FACTBOX-Key political risks to watch in Panama

By Patrick Rucker

PANAMA CITY, May 21 (BestGrowthStock) – After pulling through the
global economic downturn on a streak of growth and winning
investment grade rating earlier this year, Panama is on a roll,
but there are still risks for investors in the isthmus nation.


Panama has had five presidents since military strongman
Gen. Manuel Noriega was ousted by U.S. troops in 1989, and it
has improved its democratic institutions in that time.

Still, President Ricardo Martinelli, sworn in last July, is
accused by some of having an authoritarian streak. A
supermarket magnate who formed his own political party in 1998,
Martinelli is charismatic and energetic and enjoys high
popularity ratings. But opponents say he is clamping down on
civil liberties with moves like a recent law to punish
road-blocking protesters with up to two years of jail, and he
is seen as trying to centralizing power with controversial
Supreme Court judge nominations and by replacing the attorney
general with a political ally.

Martinelli has spoken of the need for political reform,
fueling speculation he may seek to allow consecutive
presidential terms and join a handful of Latin American leaders
who have rewritten the constitutions and extended their time in
power .

What to watch:

— Signs of Martinelli continuing to assert himself and
seeming intolerant of dissent could make investors nervous.

— Martinelli taking any steps toward trying to change the
constitution to permit a president to hold consecutive terms.


Years of fiscal restraint paid off earlier this year when
Panama’s government debt was given an investment grade rating
by Fitch. But while the government has promised to maintain its
thrifty ways, some see major infrastructure plans as
potentially budget-busting. Officials have promised roughly $20
billion in new spending over the next four years – quite a sum
for a developing nation of 3.4 million people. While $5.25
billion of that is earmarked for the Panama Canal expansion,
another $2 billion is earmarked for an overhaul of Panama
City’s strained public transport system, including a subway
line that some say is unneeded.

What to watch:

— Expanded public spending and infrastructure projects

— Government deficits exceeding 2 percent of GDP


The long economic boom has created inflationary pressures
in recent years, hitting 8.7 percent in 2008. It then slowed to
2.4 percent last year but some economists fear that rising fuel
costs and a re-energized economy could again push inflation

What to watch:

— New inflationary pressures.

— As unemployment continues to fall, the government will
face more pressure to ease immigration to keep prices under


More than two dozen towers are going up around downtown
Panama City to join an already sizable huddle of skyscrapers,
but many of the projects that broke ground during the real
estate boom were idled during the downturn. Locals say some
unfinished buildings might be weatherproofed until financing
and demand improves. Pessimists point to a recent decision by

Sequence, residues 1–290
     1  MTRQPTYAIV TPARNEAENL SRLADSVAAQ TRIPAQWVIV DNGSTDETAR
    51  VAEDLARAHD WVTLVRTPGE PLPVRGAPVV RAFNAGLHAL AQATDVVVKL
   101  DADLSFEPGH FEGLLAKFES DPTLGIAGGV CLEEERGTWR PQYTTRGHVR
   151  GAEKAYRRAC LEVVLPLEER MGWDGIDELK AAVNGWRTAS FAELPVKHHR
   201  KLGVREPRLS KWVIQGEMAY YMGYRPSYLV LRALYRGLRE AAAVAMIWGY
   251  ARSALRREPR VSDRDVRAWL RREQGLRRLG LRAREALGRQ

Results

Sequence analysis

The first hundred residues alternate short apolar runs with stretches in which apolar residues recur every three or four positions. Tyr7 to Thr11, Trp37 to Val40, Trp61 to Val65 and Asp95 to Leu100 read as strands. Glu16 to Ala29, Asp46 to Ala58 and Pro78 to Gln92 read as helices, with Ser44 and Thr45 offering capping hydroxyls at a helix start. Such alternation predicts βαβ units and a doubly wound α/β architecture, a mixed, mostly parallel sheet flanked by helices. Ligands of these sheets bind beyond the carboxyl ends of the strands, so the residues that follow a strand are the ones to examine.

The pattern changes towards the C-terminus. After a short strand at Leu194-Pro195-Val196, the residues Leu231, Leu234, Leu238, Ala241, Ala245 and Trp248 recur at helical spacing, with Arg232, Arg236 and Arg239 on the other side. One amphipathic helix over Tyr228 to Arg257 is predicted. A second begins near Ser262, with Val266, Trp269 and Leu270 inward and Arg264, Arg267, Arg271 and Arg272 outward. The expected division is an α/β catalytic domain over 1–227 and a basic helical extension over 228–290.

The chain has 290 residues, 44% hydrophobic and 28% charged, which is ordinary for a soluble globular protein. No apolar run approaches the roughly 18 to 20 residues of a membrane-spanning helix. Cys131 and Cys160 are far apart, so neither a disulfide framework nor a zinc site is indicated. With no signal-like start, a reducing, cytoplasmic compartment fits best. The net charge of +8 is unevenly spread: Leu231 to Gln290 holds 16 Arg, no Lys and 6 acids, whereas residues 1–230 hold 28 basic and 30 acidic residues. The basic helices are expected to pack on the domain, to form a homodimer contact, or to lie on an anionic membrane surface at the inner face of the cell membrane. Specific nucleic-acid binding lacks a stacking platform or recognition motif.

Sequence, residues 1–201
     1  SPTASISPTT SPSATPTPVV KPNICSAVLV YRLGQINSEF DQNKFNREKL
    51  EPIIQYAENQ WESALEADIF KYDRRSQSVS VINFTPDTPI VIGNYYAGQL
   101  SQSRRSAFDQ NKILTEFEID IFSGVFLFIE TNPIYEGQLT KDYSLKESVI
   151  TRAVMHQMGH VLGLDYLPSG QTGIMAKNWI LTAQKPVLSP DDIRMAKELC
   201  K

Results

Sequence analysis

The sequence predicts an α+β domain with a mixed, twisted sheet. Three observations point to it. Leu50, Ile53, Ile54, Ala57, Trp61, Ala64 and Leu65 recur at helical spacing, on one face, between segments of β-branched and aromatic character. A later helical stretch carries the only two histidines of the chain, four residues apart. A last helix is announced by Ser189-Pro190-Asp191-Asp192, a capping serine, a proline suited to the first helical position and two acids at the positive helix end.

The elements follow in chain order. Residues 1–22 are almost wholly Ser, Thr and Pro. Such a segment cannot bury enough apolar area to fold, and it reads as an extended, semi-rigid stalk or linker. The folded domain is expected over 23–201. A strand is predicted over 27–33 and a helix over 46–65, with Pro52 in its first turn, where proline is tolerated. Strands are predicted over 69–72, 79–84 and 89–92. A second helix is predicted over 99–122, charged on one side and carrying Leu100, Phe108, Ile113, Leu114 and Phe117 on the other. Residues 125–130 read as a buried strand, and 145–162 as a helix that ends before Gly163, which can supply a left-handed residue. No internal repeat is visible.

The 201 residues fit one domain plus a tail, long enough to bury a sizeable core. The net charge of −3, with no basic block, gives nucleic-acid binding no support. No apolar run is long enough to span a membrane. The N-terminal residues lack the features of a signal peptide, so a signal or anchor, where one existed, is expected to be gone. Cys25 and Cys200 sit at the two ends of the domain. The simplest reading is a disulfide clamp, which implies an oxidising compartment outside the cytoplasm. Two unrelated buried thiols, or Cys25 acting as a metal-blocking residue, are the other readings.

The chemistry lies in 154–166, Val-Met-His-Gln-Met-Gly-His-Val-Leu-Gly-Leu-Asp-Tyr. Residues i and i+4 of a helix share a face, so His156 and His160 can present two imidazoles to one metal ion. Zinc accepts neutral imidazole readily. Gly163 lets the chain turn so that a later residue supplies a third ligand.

Fitch to downgrade $220 million of senior secured debt tied to
a seaside residential project. Donald Trump has lent his name
to that high-end tower but worrying cost overruns put the
rating agency on edge. There are also signs that would-be condo
flippers smell a market bubble and are getting out.

While Panama City’s housing market is facing a price
correction, many locals point out that their banks are not
highly leveraged on those deals. Cash deposits should shield
creditors from much of the pain of a housing price correction.

The construction boom can be a magnet for drug money
laundering, U.S. anti-drug officials and Panamanian
anti-corruption groups say. They accuse promoters of failing to
ask where speculators’ money comes from and say drug cartels in
the region wash dirty money through apartment buildings that
can produce bogus rent receipts.

What to watch:

— Buyers walking away from condo investments, shredding
contracts and losing deposits.

— High vacancy rates on apartments that have already been
built and with most units already sold. [ID:nN30345797]


Panama has largely avoided the drug gang-related violence
that has swept across Mexico and much of Central America but
violent crime is trending upward.

A lawless border with Colombia has turned Panama into prime
cocaine-trafficking territory in recent years. Gangs of
traffickers and street gangs are blamed for much of the
violence. So far, Martinelli’s crackdown on crime has shown few
results. The fight against institutional corruption is also
going slowly.

What to watch:

— Increasing volume of drug-related violence in the cities
and frontier hinterland. [ID:nN11220616]


Foreign companies considering a base in Panama City fret
that the country cannot deliver the steady supply of
well-educated workers needed for a boutique economy
specializing in finance, logistics and services.

Some of that pressure is alleviated by liberal immigration
laws but the government is also creating school programs to
directly feed skilled labor to some specialized projects. The
completion of expansion work on the Panama Canal in 2014 should
bring more laborers online and there is ample room for greater

A large share of the workforce is in agriculture which
makes up only a small share of the economy so efficiencies in
that sector promise to free up labor.

What to watch:

— A growing number of targeted labor programs that try to
feed specific industries but do not raise education standards

— Liberalized immigration policies not keeping pace with
the demands of expanding service industries.


(Additional reporting by Sean Mattson and Robin Emmott;
Editing by Kieran Murray)

FACTBOX-Key political risks to watch in Panama